In a concert Friday night at St. Mark's Episcopal Church in Palo Alto, the [email protected] festival featured the world-class artists for which it is known, playing music both familiar and strange. Although a theme like this evening's, “Death and Transfiguration,” might at first glance appear to promise a wallow in melancholy (even lacking as the program did the obvious choice of Richard Strauss' famous meditation on the subject), the intelligent selection of pieces ensured variety and light amid the gloom.
After introductory remarks to the sold-out house by pianist and coartistic director Wu Han, the concert opened with Rachmaninov's early Trio élégiaque. Written while the composer was a teenaged student at the Moscow Conservatory, the trio can perhaps better be heard as a meditation on teen angst rather than on death.
With a minimum of material, Rachmaninov provided the opportunity for a maximum of expression. Pianist Han, violinist Philip Setzer, and cellist Colin Carr dove into the depths of this one-movement work. Carr's sensitive and achingly expressive cello playing was the highlight of the piece. Han demonstrated supreme command of her instrument, as did Setzer. The trio surged and soared, and was thoroughly impressive.
From Rachmaninov's trio, the evening moved on to a string quartet by Bruce Adolphe. Written in 1994, String Quartet No. 4, Whispers of Mortality, was performed by its original dedicatee, the Miami String Quartet. From the shock of the first movement to the canonic web of the last, the Quartet told a convincing story of a dying man coming to grips with his own mortality.
The Miami is an extremely fine ensemble — the performers brought the characters to life in the piece, even as they effortlessly moved from idea to idea with perfect understanding of each other. And Adolphe's repetition of material throughout the five movements of the quartet not only added to its sense of completion, but it also created a familiarity that makes the work enjoyable even for a listener not accustomed to contemporary music. Working with the ostinato principle so familiar in later 20th-century music, Adolphe managed to create a moving intimation of (im)mortality. The additive nature of his composition creates the impression of a slowly unfolding understanding of death that leads to gradual acceptance.
Channeling Bach and Schubert
Mortality was not unfamilar in J.S. Bach's day. His cantata BWV 82, Ich habe genug (I have enough), tells the story of a soul who has had enough with the world, and finds bliss in death and salvation. It was first performed shortly after the death of Bach's first child by his second wife.
Baritone Christòpheren Nomura negotiated the many highs and lows of this extremely difficult solo cantata with flair and earnestness. The first aria features a long-winded oboe part, played convincingly by William Bennett. Unfortunately, Bennett was at times hard to hear, perhaps due to the somewhat strange acoustics of the church. Even more unfortunate was the placement of the continuo bass and harpsichord at the back of the stage, with the bass directly behind Nomura. The position led to some errors of ensemble during the recitatives. More rehearsal time might have been helpful in this case.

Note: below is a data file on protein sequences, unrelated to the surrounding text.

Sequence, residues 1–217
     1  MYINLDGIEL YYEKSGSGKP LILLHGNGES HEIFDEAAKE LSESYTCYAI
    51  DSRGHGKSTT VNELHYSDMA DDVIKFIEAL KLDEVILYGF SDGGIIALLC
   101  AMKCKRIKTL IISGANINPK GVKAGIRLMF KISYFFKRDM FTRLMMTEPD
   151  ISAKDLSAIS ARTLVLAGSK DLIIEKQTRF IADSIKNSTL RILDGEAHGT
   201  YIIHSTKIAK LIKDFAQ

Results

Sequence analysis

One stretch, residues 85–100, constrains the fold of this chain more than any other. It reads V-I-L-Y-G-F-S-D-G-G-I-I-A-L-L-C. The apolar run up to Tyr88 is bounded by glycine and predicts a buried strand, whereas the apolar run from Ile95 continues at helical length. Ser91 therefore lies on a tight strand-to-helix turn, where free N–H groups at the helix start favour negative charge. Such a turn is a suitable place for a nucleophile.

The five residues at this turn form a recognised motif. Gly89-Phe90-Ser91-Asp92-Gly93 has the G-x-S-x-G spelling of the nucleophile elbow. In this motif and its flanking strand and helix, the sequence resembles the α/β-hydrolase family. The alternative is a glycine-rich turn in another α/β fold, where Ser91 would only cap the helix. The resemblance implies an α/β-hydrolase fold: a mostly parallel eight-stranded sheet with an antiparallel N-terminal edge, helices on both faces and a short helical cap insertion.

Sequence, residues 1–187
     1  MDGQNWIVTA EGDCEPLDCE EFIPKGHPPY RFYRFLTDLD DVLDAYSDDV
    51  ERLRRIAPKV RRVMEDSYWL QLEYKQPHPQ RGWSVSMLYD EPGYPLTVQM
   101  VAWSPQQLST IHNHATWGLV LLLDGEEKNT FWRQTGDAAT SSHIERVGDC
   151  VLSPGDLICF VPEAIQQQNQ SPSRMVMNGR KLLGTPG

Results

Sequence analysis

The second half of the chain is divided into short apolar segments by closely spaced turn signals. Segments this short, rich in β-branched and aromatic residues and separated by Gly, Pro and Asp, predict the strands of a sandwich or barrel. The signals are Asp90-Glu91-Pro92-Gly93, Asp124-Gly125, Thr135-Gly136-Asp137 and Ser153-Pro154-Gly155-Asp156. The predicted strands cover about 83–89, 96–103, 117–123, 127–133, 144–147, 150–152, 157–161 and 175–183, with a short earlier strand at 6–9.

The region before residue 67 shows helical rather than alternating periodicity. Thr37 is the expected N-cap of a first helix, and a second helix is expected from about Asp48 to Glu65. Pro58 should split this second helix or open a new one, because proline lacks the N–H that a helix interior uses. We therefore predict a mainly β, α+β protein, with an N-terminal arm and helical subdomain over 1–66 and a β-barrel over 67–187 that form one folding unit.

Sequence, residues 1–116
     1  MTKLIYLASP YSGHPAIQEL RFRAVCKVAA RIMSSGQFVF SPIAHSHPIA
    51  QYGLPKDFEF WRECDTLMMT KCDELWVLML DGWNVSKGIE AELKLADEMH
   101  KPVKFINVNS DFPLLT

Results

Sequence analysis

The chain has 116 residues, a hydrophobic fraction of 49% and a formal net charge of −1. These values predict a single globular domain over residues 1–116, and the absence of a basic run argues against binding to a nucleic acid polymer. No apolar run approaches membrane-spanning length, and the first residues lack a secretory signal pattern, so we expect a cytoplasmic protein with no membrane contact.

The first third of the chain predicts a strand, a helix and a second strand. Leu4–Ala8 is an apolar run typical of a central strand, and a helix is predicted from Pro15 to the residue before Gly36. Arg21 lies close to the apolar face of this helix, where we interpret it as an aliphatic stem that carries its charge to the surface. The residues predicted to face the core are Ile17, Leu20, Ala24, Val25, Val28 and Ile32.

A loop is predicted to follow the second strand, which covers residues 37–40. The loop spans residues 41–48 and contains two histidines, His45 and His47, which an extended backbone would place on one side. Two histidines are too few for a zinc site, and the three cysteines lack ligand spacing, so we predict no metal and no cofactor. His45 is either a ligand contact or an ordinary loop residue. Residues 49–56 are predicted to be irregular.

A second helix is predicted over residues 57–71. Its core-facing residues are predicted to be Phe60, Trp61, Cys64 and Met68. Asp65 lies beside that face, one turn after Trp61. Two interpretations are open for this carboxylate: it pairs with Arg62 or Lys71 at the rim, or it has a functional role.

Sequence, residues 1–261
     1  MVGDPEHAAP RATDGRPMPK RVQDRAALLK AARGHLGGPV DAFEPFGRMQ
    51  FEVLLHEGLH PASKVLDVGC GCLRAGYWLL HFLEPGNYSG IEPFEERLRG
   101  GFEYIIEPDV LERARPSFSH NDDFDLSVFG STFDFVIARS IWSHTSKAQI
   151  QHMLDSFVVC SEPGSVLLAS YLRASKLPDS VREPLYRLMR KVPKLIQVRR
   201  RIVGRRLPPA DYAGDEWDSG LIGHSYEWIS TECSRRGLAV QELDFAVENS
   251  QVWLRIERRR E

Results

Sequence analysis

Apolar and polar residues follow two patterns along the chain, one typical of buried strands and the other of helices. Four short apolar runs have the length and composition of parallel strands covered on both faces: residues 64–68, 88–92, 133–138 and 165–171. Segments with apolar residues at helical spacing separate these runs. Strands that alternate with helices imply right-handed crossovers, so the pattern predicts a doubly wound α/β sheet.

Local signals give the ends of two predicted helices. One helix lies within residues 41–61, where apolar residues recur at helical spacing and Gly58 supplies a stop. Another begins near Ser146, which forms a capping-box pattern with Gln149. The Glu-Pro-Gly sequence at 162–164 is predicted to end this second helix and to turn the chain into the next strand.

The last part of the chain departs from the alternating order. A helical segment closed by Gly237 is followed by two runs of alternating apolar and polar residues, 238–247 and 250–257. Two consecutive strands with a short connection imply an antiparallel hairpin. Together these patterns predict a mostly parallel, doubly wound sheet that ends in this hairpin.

I was pleased to see the Miami String Quartet return for the last work on the program, Franz Schubert's immortal Der Tod und das Mädchen (Death and the Maiden). Although I admit to being biased in favor of Schubert, this was the pinnacle of the night's already high level of performance. From the dramatic opening gesture, it was clear that these players not only know Schubert, but also that they know one another so well that the audience can easily understand their Schubert. The tempos were never rushed or lethargic, and had just the right touch of Romantic flexibility to make them completely satisfying.
Violinist Ivan Chan has one of the most elegant left hands I've ever seen. Coupled with the solidly expressive inner voices of violinist Cathy Meng Robinson and violist Yu Jin, and the noble cello of Keith Robinson, the Quartet performed so well that I forgot to notice how long Schubert's piece really is. It all went by as if in a dream.
Particularly hypnotic was the Miami's reading of the magical second movement theme and variations. It was about halfway through that I realized Schubert was the true heir of Haydn when it came to quartet writing. Each member of the quartet is given a chance to shine in this marvelous and endlessly varied movement.
[email protected] is a model festival in so many ways. From the impressive artist roster, to the friendly and helpful staff, to the many educational features (including a glossary of musical terms in the program booklet), the festival directors have done a splendid job of connecting audiences and the community to chamber music of all flavors. In just five years, this festival has created an extremely loyal following in a corner of the Bay Area often neglected by the classical music scene.
Rebekah Ahrendt holds the artist's diploma in viola da gamba and historical performance practice from the Royal Conservatory of The Hague. Currently, she is a graduate student in historical musicology at UC Berkeley.